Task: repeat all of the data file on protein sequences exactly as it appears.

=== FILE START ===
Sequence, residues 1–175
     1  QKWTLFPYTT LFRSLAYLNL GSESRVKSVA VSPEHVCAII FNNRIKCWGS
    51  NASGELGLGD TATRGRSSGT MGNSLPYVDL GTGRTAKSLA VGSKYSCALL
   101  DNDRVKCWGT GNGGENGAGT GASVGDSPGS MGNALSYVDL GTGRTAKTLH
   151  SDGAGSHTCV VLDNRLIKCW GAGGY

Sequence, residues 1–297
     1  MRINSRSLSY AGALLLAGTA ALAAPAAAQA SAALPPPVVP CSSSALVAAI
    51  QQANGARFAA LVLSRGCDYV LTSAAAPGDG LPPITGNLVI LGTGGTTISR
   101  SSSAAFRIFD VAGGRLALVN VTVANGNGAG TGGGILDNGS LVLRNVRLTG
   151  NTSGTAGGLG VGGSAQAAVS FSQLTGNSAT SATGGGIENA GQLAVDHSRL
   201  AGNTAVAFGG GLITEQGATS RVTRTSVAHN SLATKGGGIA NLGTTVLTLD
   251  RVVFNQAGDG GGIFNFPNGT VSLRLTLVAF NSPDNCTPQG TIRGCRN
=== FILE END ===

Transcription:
Sequence, residues 1–175
     1  QKWTLFPYTT LFRSLAYLNL GSESRVKSVA VSPEHVCAII FNNRIKCWGS
    51  NASGELGLGD TATRGRSSGT MGNSLPYVDL GTGRTAKSLA VGSKYSCALL
   101  DNDRVKCWGT GNGGENGAGT GASVGDSPGS MGNALSYVDL GTGRTAKTLH
   151  SDGAGSHTCV VLDNRLIKCW GAGGY

Sequence, residues 1–297
     1  MRINSRSLSY AGALLLAGTA ALAAPAAAQA SAALPPPVVP CSSSALVAAI
    51  QQANGARFAA LVLSRGCDYV LTSAAAPGDG LPPITGNLVI LGTGGTTISR
   101  SSSAAFRIFD VAGGRLALVN VTVANGNGAG TGGGILDNGS LVLRNVRLTG
   151  NTSGTAGGLG VGGSAQAAVS FSQLTGNSAT SATGGGIENA GQLAVDHSRL
   201  AGNTAVAFGG GLITEQGATS RVTRTSVAHN SLATKGGGIA NLGTTVLTLD
   251  RVVFNQAGDG GGIFNFPNGT VSLRLTLVAF NSPDNCTPQG TIRGCRN